As the story goes, Dillinger lined up the three officers on duty, including Roberts, at gunpoint. He had Roberts buzz them into the room where the weapons were held. While he was doing that, Dillinger ripped off his badge and took his pistol.
After looting the arsenal, which included a sawed-off shotgun, pistols, pump rifles, a bullet-proof vest, a pair of handcuffs and the Tommy gun, the gang told the officers to wait in the building for 15 minutes. If they left before then, Dillinger threatened to shoot all of them.
As the officers waited, the gang jumped in their getaway car and fled, never to be seen in the town again.
The Peru heist was part of a string of high-profile robberies pulled off by Dillinger and his gang in late 1933. The crew also robbed the police stations in Lima, Ohio, and Racine, Wisconsin, and knocked off other places in Indiana, including Warsaw, Montpelier and Greencastle.
The crime spree came to an end in Tucson, where the gang had holed up in The Hotel Congress.
On Jan. 22, 1934, while the gang was there, the hotel caught fire. Dillinger was identified by the firefighters and taken into custody. All the weapons he’d stolen during his crime spree in the Midwest were confiscated.
Although some of the guns were returned to the places where they had been stolen, the Tommy gun from Peru never made it home, according Herigstad’s research.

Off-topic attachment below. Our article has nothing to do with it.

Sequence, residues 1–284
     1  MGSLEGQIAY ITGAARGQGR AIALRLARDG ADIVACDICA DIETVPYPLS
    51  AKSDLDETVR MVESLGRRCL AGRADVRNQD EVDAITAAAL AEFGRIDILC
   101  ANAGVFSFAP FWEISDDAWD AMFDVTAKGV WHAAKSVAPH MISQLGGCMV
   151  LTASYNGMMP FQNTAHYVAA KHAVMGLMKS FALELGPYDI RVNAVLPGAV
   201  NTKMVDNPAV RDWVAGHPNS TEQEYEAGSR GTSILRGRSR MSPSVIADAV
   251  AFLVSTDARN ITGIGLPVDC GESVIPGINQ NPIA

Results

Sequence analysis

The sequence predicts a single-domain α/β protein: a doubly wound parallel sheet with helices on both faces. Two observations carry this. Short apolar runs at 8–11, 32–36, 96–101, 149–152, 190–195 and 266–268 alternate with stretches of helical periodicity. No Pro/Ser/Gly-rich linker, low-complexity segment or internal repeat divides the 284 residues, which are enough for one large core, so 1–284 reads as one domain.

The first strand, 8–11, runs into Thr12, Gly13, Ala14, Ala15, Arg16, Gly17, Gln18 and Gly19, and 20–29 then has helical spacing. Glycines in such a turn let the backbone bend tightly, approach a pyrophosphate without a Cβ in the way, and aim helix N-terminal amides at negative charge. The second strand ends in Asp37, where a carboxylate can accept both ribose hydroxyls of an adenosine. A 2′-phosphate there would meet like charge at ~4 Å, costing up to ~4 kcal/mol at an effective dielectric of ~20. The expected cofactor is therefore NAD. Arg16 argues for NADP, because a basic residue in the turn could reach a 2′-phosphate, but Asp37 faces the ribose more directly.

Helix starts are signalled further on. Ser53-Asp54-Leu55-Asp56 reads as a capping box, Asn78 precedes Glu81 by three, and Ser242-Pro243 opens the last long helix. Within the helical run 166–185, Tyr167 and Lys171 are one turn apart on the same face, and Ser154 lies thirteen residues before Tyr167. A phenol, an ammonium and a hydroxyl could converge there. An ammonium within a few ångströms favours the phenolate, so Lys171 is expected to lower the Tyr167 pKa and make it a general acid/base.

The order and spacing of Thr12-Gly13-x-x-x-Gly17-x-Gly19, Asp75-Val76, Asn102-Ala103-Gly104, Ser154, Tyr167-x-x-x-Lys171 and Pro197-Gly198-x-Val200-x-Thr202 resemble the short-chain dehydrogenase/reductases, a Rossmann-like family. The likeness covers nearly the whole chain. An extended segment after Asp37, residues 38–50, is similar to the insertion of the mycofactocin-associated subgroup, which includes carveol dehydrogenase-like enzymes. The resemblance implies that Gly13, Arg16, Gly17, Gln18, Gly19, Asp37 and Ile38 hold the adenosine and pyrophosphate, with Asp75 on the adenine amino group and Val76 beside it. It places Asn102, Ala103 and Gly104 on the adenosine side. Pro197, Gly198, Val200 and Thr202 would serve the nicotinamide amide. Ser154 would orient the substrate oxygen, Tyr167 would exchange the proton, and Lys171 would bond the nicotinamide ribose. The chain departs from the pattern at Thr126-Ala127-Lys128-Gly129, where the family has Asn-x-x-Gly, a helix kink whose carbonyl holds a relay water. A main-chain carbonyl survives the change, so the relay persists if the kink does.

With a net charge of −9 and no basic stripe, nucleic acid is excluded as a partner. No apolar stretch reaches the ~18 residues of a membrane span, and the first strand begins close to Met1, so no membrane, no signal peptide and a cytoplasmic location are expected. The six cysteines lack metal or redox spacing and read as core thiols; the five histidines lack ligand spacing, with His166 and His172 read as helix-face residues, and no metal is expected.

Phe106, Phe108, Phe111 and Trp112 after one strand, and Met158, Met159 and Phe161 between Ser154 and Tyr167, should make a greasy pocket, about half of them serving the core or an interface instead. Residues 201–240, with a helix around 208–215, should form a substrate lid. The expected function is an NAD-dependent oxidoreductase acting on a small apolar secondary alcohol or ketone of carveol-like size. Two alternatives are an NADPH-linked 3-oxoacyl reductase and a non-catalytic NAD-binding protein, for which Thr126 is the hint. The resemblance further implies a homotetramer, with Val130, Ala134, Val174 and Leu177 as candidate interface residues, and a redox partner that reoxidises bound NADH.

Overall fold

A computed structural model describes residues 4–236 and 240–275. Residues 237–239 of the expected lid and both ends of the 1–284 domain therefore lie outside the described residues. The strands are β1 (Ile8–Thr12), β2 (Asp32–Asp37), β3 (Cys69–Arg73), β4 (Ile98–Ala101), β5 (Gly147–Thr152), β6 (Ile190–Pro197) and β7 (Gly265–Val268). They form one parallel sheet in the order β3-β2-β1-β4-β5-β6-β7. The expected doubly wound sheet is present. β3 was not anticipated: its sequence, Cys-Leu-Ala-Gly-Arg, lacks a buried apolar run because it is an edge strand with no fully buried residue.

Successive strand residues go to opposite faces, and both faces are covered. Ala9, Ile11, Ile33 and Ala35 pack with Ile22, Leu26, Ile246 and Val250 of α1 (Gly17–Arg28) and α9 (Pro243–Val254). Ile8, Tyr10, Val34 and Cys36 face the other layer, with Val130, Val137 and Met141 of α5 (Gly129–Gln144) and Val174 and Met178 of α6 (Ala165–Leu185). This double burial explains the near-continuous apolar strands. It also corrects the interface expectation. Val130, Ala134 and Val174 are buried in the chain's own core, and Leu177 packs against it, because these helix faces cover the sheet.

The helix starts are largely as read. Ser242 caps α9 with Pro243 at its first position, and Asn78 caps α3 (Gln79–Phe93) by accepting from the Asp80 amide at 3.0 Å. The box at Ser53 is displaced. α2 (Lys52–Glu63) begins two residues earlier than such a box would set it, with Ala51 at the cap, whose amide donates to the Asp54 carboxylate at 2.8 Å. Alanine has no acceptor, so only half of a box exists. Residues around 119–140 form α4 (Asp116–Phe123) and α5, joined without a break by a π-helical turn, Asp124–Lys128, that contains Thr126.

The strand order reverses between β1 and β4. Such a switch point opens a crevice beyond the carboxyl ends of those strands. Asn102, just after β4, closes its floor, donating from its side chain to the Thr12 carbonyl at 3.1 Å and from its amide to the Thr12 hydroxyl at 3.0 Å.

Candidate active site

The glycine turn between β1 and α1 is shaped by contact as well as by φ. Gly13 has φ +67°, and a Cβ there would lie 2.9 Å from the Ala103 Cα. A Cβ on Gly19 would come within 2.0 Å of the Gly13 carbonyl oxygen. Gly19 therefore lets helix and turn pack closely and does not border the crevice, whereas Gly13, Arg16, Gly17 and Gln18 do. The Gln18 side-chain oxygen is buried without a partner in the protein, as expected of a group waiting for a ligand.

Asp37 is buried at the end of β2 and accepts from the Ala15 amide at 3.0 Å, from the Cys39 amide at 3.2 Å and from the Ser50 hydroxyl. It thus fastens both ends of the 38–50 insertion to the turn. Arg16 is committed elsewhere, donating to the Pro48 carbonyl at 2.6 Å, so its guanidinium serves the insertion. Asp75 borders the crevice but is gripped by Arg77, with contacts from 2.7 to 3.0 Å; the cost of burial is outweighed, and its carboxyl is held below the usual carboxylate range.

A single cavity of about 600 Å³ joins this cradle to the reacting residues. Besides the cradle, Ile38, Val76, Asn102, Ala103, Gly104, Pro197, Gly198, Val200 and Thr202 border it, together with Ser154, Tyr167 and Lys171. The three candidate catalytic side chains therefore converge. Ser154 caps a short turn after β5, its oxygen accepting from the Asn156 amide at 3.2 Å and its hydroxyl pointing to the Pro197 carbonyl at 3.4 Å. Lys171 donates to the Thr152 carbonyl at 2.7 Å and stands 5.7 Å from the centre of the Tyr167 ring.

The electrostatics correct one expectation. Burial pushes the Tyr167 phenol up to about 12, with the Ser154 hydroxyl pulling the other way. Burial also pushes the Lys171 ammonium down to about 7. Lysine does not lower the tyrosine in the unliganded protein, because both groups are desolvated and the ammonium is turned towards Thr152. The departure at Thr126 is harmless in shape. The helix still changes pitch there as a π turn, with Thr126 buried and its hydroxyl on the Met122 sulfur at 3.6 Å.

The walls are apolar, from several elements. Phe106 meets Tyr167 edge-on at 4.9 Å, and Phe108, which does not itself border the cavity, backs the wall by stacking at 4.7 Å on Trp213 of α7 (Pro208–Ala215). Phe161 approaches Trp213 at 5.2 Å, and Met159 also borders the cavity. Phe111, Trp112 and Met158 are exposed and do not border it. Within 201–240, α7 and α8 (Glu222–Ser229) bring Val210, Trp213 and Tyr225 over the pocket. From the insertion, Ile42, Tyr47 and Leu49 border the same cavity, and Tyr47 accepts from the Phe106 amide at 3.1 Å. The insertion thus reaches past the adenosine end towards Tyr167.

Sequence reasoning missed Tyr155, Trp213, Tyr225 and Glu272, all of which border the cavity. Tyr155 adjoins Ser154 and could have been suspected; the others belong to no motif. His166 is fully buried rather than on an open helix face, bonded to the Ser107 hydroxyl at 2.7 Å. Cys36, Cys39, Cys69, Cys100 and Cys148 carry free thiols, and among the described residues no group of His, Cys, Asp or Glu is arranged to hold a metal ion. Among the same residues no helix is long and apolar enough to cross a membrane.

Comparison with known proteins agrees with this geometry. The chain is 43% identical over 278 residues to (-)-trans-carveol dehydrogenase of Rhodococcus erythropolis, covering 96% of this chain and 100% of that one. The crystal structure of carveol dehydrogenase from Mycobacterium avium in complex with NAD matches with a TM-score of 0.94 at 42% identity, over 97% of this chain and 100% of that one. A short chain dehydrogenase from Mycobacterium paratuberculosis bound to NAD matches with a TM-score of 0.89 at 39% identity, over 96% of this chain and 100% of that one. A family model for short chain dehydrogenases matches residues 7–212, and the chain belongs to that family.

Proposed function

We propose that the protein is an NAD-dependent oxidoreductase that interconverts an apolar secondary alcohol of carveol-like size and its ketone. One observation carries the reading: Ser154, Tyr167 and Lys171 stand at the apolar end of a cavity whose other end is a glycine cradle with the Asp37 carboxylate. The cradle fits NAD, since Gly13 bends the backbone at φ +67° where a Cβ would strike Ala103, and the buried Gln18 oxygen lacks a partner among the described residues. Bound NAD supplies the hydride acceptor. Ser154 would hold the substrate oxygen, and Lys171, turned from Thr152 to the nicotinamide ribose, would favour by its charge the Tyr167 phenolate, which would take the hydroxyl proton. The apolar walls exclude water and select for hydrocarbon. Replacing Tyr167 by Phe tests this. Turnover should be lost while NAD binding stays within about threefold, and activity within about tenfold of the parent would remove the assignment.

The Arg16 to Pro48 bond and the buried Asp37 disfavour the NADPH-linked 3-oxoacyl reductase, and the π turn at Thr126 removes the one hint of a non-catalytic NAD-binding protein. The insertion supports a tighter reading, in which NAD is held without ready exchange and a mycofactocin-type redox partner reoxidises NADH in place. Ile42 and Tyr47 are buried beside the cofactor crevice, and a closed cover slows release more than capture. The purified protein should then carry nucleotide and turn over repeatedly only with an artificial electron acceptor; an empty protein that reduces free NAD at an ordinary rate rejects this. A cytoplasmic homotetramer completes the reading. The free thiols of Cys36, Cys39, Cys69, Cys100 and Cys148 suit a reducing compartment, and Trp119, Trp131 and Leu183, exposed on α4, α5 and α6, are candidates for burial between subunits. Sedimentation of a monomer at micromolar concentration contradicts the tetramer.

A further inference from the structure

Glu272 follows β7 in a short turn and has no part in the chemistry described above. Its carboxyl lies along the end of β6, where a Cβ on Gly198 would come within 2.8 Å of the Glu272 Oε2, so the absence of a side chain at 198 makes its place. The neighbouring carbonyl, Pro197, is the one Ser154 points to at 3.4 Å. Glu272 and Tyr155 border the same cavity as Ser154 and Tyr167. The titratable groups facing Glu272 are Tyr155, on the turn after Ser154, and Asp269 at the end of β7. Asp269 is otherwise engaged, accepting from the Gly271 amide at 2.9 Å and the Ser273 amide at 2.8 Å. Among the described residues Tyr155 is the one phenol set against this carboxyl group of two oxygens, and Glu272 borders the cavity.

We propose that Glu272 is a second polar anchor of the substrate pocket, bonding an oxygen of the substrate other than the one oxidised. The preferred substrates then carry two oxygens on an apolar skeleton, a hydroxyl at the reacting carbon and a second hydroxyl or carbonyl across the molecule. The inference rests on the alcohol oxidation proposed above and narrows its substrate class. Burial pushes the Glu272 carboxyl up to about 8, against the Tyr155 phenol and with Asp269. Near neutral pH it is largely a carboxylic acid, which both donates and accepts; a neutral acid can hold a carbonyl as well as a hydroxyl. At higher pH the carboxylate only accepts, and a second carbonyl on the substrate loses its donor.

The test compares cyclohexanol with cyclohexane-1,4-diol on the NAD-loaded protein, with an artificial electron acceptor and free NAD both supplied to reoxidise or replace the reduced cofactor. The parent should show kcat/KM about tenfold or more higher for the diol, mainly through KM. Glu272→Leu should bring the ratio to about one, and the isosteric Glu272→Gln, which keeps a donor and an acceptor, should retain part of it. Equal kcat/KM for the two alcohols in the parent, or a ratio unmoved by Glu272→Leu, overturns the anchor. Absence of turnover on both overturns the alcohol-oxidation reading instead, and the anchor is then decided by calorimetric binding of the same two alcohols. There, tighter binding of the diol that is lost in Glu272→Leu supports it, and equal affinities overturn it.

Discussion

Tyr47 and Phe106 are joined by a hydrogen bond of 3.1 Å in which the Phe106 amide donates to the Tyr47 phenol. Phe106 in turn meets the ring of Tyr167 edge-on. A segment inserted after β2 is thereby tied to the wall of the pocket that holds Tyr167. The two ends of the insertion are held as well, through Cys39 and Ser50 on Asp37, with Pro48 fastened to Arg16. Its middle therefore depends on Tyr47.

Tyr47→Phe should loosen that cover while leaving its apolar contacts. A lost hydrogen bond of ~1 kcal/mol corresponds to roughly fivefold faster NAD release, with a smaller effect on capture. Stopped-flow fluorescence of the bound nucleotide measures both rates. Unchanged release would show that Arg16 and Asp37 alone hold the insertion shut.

His book reports there was apparently “some friction” between the governors of Indiana and Arizona, which may have contributed to the gun staying in Tucson.
Sigler said whatever the reason, it’s time for the gun to return home.
“It’s our gun,” he said. “It’s an important piece of our history, and it’s worth a lot of money. I feel like Tucson should give it back. Just because some gangster took it out there and they confiscated it doesn’t mean it’s theirs.”
But getting the gun back won’t be an easy undertaking.
Sigler said he talked to officials at the Tucson Police Department, and they weren’t convinced by his story.
City attorney Roberts, who is providing legal counsel in the case, said as it stands now, he doesn’t think there’s enough documentation to legally demand that the gun be returned.
Although they have the serial number, they also need a copy of the purchase order to make their case air tight, he said.
Sigler said he’s currently trying to track that down to help build their argument.
Roberts said once they have enough documentation to prove beyond a reasonable doubt that the gun belongs to the city, he plans to send Tucson a letter requesting the weapon’s return.
“Document, document, document, and then we can say, ‘See, here it is, we believe that gun is ours,’” he said. “‘Will you please send it back?’ Hopefully we’ll be successful in getting it back. Hopefully they’re in the mood to give it back.”
“It’s a part of Peru’s history,” he said Peru Police Chief Mike Meeks. “I think it’s important for us to have since it belonged to us. It will be interesting to see how it all plays out.”
Gerber writes for the Kokomo, Indiana Tribune.